Initially, I did misread the question and deduced that he wanted to get into data science. Normally, if you have no idea what you're doing, CS can sometimes be better. But, in this case, I don't agree.
CS as a degree in many universities, lacks a lot of math. It lacks calculus, probability theory, linear algebra, which are all important concepts for Machine Learning, Statistics, Data Science, Computer Graphics, AI, Security/Cryptography, etc.
Without that math, you are limited to roles specifically in software development, as you'll lack the mathematical background to pursue more rigorous adventures.
As the OP doesn't know exactly what he wants to do, not having the mathematical background could limit him from actually getting into Complexity Theory, Automata Theory, Complex Networks, Data Mining, Big Data, among others, because they do include math, particularly Discrete Math, Calculus and Linear Algebra.
Even as you say, if CS is "better", he wouldn't be able to pursue those topics to a great depth anyway, as he would be limited by his mathematical background - a consequence of his CS degree teaching little math.
As stated above, having a greater mathematical background means that one would be able to pursue jobs other than Software Development that heavily involve math. That means, even if he studies a greater array of topics in CS, he may struggle in a majority of them (like Complexity Theory and Information Theory/Networks) because he wouldn't have the sufficient mathematical background to study them. Regardless of whether that information be have a benefit, he would be disadvantaged in that area.
The original implication here was: you suggested that you shouldn't do Data Science because CS is better and more general. Yet, simultaneously, Data Science covers a lot of the core concepts of CS, while teaching a lot of math that is necessary for other fields. Therefore, I said that Data Science is an equally valid and recommended degree like CS is, especially if you're only pursuing a role in software development - then the reality is, it doesn't matter which CS you pursue, they all lead to software development roles anyway.
The link you provided specifically focuses on Data Science master's degrees, not bachelor's degree. I'm sure you're aware: they are not the same. But, in the event you're not familiar, let me inform:
At UCL, their MSc in Data Science mostly covers (majority) statistics, with a bit of data science. That's largely different from a BSc in Data Science at UCL, where it offers databases, calculus, programming, algorithms, so it is widely different. There's little point in linking articles for a MSc, when we are discussing a BSc, which is completely different.
Secondly, about the post you linked, you also contradicted yourself. In your first post you said:
While posting that, you also provided a link on Medium, that didn't recommend a MSc in Data Science. So, you are recommending someone to take a MSc, that you've linked to a resource, for not recommending. Quite the contrarian.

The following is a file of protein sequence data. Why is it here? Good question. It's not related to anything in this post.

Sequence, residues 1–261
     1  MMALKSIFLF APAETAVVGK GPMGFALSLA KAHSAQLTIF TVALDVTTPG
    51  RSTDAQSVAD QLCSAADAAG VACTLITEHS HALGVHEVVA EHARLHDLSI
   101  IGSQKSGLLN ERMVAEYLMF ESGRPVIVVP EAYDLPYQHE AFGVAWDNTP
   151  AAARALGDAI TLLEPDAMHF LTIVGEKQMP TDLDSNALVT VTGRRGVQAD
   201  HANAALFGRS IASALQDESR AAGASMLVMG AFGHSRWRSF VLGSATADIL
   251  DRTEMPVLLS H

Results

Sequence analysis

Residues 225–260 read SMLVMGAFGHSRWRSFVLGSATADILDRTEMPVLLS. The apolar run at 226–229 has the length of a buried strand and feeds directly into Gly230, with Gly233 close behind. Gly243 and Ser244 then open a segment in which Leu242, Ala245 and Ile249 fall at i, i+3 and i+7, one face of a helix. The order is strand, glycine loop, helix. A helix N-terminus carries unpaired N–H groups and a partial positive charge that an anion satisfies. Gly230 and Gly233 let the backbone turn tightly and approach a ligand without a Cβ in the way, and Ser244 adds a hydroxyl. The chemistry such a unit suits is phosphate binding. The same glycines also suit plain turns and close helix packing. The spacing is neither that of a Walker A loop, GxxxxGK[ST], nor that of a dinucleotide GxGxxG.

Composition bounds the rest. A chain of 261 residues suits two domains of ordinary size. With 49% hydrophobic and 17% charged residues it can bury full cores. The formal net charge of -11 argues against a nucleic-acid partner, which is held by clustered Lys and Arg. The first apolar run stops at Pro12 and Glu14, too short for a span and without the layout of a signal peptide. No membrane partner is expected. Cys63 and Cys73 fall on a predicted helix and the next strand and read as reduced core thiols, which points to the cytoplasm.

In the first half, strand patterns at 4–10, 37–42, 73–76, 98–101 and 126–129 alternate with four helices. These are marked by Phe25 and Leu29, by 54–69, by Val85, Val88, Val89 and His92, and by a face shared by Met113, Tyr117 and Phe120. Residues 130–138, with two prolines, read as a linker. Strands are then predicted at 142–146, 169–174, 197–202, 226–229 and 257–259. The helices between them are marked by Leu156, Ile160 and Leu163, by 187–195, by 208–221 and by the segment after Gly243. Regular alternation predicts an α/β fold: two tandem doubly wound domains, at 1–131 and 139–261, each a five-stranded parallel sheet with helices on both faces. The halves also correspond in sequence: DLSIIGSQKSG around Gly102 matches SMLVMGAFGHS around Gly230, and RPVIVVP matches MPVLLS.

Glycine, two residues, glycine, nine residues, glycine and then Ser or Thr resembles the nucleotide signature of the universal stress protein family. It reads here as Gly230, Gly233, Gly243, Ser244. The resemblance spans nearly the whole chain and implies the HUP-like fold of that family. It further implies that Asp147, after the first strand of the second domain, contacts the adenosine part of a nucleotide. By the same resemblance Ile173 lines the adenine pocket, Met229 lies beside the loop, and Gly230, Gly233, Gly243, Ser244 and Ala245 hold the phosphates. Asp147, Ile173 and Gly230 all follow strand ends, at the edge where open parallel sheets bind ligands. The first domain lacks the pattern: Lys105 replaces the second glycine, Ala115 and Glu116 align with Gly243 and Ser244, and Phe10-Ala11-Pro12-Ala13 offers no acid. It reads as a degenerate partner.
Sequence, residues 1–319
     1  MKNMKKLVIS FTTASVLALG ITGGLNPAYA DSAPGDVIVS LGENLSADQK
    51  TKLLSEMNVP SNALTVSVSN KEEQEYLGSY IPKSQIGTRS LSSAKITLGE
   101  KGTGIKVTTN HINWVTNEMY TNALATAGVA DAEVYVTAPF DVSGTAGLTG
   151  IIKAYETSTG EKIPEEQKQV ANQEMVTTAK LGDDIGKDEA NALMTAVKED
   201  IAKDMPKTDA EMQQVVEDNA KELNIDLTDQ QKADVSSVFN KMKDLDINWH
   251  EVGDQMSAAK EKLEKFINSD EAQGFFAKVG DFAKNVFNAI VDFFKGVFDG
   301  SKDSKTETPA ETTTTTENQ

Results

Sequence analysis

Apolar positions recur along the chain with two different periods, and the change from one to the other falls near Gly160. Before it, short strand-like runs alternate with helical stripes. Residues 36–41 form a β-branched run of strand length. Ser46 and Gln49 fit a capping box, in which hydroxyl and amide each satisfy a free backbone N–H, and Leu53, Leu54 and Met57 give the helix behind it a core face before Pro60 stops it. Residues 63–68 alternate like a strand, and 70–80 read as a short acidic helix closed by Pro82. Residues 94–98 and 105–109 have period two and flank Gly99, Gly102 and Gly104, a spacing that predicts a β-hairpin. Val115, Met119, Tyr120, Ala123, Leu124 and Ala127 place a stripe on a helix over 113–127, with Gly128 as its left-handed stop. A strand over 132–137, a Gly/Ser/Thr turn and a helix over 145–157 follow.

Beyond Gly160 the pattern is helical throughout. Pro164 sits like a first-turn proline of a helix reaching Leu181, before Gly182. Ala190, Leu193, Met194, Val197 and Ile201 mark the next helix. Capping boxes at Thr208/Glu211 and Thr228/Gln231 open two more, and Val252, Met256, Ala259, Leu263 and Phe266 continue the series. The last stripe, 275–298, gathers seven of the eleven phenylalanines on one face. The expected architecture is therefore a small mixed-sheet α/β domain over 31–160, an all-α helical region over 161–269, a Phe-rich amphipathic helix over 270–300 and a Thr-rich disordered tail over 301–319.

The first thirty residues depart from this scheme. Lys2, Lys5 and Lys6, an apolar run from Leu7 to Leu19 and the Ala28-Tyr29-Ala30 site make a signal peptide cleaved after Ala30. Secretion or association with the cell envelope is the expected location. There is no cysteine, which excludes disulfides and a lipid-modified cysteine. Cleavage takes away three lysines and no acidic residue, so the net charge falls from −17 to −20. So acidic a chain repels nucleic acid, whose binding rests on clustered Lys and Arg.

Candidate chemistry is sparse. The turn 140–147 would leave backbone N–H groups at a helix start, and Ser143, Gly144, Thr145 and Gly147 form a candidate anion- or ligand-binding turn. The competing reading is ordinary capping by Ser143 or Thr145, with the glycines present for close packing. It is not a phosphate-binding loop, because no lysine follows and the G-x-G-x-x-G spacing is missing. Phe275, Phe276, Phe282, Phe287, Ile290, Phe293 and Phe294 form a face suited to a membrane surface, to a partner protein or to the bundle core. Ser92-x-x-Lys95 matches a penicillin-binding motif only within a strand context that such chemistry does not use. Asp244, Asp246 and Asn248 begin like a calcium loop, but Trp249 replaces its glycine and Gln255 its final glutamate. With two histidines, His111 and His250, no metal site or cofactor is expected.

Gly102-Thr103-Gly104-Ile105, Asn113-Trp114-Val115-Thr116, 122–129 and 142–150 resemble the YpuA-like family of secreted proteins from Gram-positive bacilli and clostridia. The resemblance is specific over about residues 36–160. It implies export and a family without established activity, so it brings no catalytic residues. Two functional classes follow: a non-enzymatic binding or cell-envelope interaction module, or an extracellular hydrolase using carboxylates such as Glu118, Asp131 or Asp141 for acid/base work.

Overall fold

I'm sorry, but this is actually the opposite for what you're saying.
Firstly, if a data science degree offers the same programming and algorithmic skills as a CS degree, but a CS degree offers Automata, Complexity Theory (Which you can still choose as an option for some Data Science degrees), then how would you be disadvantaged in any way, shape or form. You have the same software development skills as any CS student. Every Data science student in the world, will be equally as good as a developer as any CS student.
Some may argue, a data science student is better. Not only do they have all the programming skills of a CS student, but they have the mathematical skills, the knowledge of calculus to get into data mining, the knowledge of statistics to get into machine learning and data science, the knowledge of linear algebra to get into big data, cryptography, and others. Data Science students learn R, and ironically enough, learn more programming than actual CS students in some cases.
As a CS student, you lack the mathematical background. You cannot get into cryptography; ML is almost impossible; AI is a no go; Data Science is also a no-go with no probability knowledge. Data Mining without calculus is impossible. The only exception to this, is if you attend a top 5/10 university (like Oxbridge, Imperial, UCL, etc) that teach you that math as part of the CS degree, but vast majority of CS degrees don't teach you that math.
Learning a master's in Data Science anyway requires a lot of mathematics that you don't have as a CS student. You will struggle in computer graphics among other fields like Information Theory.
There's no use in considering Automata Theory or Complexity Theory at a research level if you don't have knowledge of linear algebra or mathematics
In summary, I would say both CS degrees and Data Science degrees are perfectly fine, but I would say Data Science could be slightly stronger with the extra math.
If I had to say which is the "best" overall, I would say a Computer Science and Mathematics degree (50/50), as that will teach you all the CS skills you need, while teaching you all the mathematics skills you need to be successful.